Do we have the right, under these conditions, to sacrifice our colonial Empire and all the wealth it contains, our intact fleet, what remains of our armies and our air force, to the
inevitable collapse of the metropole, and how could we justify such an attitude to our allies and to England in particular, given the commitments we have made, which you yourself made in London on March 28th? Poland and Norway continue to resist, even though their governments and sovereigns no longer have any part of their national territory to take refuge in. The
French Government, on the contrary, has a vast empire where the enemy has not yet penetrated. Moreover, in Algeria, you find yourself on the soil of three French departments which
have their representatives in Parliament. If the President of the Republic travels there with those of the two Chambers, with the Government (or at least those of its members who are willing), with the parliamentary staff and the indispensable elements of the administrative staff, the situation will be entirely legal, the whole Empire will rally, and the fight against
the struggle against Germany will continue under such conditions that North Africa will remain out of the reach of the enemy for many months at worst. On the one hand you have the total, shameful surrender, in violation of the commitments made, without any advantage to be gained from it. On the other hand, you have a future, perhaps limited in time, but
time, but honorable, with nothing to lose in any case. Can there be any hesitation?

- But what would happen to the French population in such a case? Mr. Reynaud asked. It is impossible to leave them to fend for themselves, without anyone to deal with the occupier. And then, won't those who continue to fight in the Empire run the risk of seeing terrible reprisals against their families who remained in occupied territory?
I argued that in all the other countries already occupied by the German armies, it was with an administrative power, and not with a political power, that the Reich had dealt with. In Oslo, for example, a commission had been set up which settled with the German authorities on all matters relating to the occupation. We could do the same, not even wait for the departure towards North Africa, to constitute such a commission, to designate its members, to establish, if necessary, a kind of connivance, of secret cooperation between the Government, now established outside of the metropolitan territory and the men chosen to administer France under German occupation.
- Even if, I added, the enterprise should fail, and if, after a certain number of months we would succumb in Africa as in France, I am convinced that our duty is to take our chances. The number of Frenchmen who are in the Empire or in the army is so great that it would be practically impossible to subject their families to particular reprisals; it would be better to subject the whole of France, which, in any case, will find itself under the heel of the victor. In order for all of France to escape overseas, even if only for a time, from servitude, it would be enough to issue a brief decree in a few articles, of this kind:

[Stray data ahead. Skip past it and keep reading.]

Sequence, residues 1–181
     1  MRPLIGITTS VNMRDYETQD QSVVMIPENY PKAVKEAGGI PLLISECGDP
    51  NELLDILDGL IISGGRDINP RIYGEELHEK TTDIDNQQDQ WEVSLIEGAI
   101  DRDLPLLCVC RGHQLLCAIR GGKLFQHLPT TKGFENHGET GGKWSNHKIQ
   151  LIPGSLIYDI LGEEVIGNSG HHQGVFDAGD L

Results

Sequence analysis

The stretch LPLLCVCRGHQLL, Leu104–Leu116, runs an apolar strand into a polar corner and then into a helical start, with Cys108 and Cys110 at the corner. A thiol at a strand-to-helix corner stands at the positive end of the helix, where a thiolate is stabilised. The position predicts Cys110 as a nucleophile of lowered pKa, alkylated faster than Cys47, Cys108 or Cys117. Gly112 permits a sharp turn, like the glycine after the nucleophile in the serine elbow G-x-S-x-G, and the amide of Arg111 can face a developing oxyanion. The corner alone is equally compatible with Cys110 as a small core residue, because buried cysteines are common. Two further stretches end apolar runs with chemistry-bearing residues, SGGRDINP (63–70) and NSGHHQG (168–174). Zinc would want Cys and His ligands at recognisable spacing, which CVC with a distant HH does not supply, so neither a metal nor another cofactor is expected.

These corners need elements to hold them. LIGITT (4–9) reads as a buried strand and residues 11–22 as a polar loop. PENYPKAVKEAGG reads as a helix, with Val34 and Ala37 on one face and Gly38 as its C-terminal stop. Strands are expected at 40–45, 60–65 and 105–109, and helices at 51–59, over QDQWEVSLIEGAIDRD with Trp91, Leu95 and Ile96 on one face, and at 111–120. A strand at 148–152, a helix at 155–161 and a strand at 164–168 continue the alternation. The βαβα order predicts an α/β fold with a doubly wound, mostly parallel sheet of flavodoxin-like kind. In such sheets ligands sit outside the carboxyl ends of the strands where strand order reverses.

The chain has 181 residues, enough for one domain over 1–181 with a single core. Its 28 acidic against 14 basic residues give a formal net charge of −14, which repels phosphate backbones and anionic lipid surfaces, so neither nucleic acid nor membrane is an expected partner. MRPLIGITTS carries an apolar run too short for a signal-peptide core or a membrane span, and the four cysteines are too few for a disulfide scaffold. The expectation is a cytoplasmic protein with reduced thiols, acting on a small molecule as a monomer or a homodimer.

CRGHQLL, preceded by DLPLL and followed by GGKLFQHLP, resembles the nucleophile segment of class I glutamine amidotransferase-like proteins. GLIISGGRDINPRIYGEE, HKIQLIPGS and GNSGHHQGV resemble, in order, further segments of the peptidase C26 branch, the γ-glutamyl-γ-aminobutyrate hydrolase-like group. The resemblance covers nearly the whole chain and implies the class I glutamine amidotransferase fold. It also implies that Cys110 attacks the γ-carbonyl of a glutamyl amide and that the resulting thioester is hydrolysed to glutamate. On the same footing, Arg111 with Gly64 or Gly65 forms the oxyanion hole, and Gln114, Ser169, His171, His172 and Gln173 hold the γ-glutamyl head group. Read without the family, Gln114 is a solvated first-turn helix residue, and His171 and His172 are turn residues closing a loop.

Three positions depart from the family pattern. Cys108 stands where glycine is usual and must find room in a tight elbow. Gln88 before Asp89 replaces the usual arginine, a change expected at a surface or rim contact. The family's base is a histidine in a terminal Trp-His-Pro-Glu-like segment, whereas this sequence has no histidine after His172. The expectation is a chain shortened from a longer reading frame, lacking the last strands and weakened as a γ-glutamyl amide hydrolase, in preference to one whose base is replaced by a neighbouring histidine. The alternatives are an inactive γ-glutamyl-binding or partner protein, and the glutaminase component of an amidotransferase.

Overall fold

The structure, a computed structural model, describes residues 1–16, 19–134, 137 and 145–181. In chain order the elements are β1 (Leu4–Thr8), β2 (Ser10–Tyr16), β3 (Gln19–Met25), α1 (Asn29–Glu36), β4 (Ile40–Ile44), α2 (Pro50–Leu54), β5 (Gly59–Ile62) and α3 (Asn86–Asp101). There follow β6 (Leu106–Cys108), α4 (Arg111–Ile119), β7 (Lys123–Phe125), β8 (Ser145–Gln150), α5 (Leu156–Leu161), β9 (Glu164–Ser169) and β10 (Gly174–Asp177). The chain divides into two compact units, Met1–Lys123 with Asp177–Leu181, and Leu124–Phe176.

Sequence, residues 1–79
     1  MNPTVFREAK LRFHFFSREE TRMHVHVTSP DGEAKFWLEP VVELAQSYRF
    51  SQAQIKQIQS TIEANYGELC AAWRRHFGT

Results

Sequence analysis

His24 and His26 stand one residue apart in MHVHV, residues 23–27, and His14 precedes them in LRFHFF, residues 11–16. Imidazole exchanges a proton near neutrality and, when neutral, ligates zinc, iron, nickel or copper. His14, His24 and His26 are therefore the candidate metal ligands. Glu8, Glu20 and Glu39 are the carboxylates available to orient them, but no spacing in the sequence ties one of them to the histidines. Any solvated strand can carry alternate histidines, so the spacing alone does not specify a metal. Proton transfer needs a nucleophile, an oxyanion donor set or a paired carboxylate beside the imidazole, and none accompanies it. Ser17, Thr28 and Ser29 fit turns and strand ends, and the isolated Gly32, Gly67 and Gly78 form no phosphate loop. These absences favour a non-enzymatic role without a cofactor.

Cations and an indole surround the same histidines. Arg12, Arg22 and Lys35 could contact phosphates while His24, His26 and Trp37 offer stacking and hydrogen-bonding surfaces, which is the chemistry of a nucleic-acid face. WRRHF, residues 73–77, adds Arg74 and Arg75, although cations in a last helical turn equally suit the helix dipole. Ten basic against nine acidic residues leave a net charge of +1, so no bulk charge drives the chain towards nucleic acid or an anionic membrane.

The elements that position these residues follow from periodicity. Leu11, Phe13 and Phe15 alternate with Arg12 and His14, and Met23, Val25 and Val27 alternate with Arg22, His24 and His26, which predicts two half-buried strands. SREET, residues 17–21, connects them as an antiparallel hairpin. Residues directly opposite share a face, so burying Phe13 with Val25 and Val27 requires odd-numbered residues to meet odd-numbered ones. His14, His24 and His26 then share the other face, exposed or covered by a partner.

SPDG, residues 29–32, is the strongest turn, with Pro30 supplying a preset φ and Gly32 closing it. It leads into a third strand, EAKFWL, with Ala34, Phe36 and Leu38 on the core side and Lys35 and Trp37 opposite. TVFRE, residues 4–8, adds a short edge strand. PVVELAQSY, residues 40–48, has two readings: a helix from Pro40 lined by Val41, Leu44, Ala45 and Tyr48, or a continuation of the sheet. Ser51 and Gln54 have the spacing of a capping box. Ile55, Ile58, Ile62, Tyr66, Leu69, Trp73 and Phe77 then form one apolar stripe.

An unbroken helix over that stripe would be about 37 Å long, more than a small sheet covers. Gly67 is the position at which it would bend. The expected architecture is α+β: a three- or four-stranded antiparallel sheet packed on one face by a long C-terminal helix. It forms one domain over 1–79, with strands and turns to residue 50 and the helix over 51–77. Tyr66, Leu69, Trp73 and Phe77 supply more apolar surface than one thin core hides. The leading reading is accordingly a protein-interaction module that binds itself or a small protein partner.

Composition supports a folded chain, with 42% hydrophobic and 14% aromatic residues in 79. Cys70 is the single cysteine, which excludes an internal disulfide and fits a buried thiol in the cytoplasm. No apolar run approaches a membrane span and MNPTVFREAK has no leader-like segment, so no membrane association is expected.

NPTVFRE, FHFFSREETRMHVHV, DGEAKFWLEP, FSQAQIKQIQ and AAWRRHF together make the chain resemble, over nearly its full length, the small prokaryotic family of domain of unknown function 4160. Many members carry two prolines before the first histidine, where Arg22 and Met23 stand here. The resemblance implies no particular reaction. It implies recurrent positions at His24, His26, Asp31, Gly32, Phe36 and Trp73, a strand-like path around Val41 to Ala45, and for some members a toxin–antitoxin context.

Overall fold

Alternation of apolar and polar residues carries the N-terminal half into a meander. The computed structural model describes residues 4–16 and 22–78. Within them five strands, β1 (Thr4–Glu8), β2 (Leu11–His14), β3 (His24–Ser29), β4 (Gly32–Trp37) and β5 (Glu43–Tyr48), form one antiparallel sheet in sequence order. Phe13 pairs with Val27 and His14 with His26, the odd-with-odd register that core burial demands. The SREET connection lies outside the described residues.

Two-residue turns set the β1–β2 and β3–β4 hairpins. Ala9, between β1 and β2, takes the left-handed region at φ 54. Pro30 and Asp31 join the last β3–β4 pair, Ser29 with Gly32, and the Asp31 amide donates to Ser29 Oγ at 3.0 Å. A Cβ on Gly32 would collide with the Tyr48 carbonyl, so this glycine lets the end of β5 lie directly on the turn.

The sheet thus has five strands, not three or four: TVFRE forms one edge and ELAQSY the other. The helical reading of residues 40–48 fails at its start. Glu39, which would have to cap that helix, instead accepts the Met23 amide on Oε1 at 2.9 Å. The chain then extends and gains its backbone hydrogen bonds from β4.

"§ 1 - The Metropole being unable to ensure the defense of its colonial empire, overseas France takes in hand its own destiny.
§ 2 - The seat of executive and legislative power is transferred to North Africa for the duration of the war.
§ 3 - The Government will take all necessary measures to ensure the continuation of military operations."
Put things to the worst, and next year, the situation having become untenable, you will be forced to lay down your arms, nothing will have been lost that would not be immediately lost by a surrender which would include both France and its overseas possessions. Moreover, you will have saved your honor. In the history of this war, so far lamentable and full of incompetence and frivolity, you will have written a page that will compensate for many setbacks. The situation was also desperate in 1870 when Gambetta made himself the chief of the
national defense. No doubt he never had any hope, but who would dare to say today that his work was useless? His desperate resistance has redeemed many disasters, it has bequeathed to the next generation a legend that had its part in the victory of 1918. And we would do less than he did, when we have all the forces of the Empire at our disposal, and the undiminished power of our allies are at our side? Today, "Rome is no longer in Rome, it is all where I am". I cannot believe, Mr. President, that you accept this capitulation. Believe me -